The traditional description of a professional association is a membership-based organization supporting a closed community and offering member-only services. Historically, because forming and maintaining a professional network and finding and accessing relevant information could be challenging, membership fees and value could be justified. However, the rise of the Internet economy and online professional networks has changed the landscape for professional associations. These reasons are no longer strong motivators for an individual to pay membership dues.
The value an association offers has transformed. Adapting to this change requires a reimagining of more than marketing or services offered. Professional associations must rediscover their purpose, and infuse it into everything they offer and all of their relationships. This means a shift away from the members-only perspective, towards purpose-driven stewardship of the entire community. Putting the community first – ahead of the association itself – is a key step to making the association succeed.
This shift has many implications. Perhaps the most striking is a redefinition and expansion of the categories of membership, to include many relationships with many stakeholders. For example:
- Traditional Members—Practitioners, Students, Academics
- Affiliates—members from peer associations
- Corporate Members—some or all practitioners in an organization
- Managers—Employ/Hire Members; services promote hiring, advancement
- Channels—Consultants, Training Providers, Headhunters, etc.
- Guests—Interest in profession; work with professionals
The stakeholders who employ, manage, or support traditional members deserve new focus because of their contribution to the size, health, and reach of the entire market for practitioners. They increase the relevance of the profession, increase the market for professionals, and increase the influence of the association.
What do associations offer? Why is this important? How is it accomplished?
In the short term, professional associations need to shift their communications, engagement practices, and services to include all practitioners, members or not. At the same time, preparation should begin to transition revenue streams from individual memberships to organizational memberships, to offer premium services for a fee, and to strategically monetize high-value transactions in the community.
Advocate for the Profession
Increase Recognition, Appreciation, Respect, Use
- Outreach to employers, governments, and other supporting stakeholders
- Targeted advertising online and within publications
- Pursuit of traditional media exposure (interviews on radio, TV, newspapers)
- Creation of Job profiles and career progressions / alternatives for hiring managers and HR professionals to use
Define and Formalize Individual Performance Standards
Drive consistency of understanding, language, and application of generally accepted practices and/or best practices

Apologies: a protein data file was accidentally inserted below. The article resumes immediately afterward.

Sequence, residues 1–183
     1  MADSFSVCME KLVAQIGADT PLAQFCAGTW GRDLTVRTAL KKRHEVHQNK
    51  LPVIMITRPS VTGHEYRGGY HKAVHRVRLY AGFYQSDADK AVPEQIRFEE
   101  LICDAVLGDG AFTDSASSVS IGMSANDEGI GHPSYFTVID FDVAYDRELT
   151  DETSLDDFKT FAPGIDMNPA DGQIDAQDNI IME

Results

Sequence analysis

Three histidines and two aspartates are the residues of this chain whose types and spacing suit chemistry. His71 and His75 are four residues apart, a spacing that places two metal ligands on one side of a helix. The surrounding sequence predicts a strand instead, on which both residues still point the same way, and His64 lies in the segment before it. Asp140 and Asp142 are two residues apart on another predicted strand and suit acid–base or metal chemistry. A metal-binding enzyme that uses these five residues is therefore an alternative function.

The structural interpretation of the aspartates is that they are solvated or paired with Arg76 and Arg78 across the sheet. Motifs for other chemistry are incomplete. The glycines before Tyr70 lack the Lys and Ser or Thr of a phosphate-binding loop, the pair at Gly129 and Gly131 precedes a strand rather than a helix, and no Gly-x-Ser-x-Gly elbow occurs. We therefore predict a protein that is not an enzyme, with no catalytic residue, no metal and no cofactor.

- Develop and support Individual Standards
- Develop and support a practitioner Body of Knowledge
- Develop and support a practitioner competency model (skills, behaviors, and knowledge required by the practitioner to be effective)
Establish a baseline of performance
- Raise perceived value and expectations of the role
- Differentiate between levels of competency and quality
- Develop formal recognition programs (e.g., Certification, Certificates)
- Support opportunities for professionals and academics to publish
Increase knowledge, improve abilities, and raise levels of practice
- Provide on-demand information (webinars, podcasts, online library, discussions)
- Host Conferences
- Create and assess others’ course material
- Support volunteering
Govern Organizational Practices
Establish baseline capability and assess consistency of execution
- Develop organization maturity models
- Conduct assessments or practices within organizations
- Accredit suppliers, corporations, and government bodies who are aligned to established standards
Promote and develop the community
Build cohesiveness, encourage ongoing growth, and support improved capability and contribution of professionals, academics, and organizations
- Host professional conferences; participate in and/or recognize other events
- Promote chapters, using them as a “store-front” for outreach into the community and to provide a “face” to the professional association
- Engage Volunteers in professional association activities
- Develop special interest groups / communities to further focused growth
Assess alignment to and support of practice standards
- Review, recognize, and publicly support continuing education, accredited courses, and training aligned with industry standards or accepted practices
- Review, recognize, and publicly support other professional and industry conferences
- Review, recognize, and publicly support tools to enhance performance (software and physical)
These products may not drive any individual professional, academic or corporation to join the association. Instead, by becoming a platform for the community, they encourage all stakeholders to participate and support its growth and success.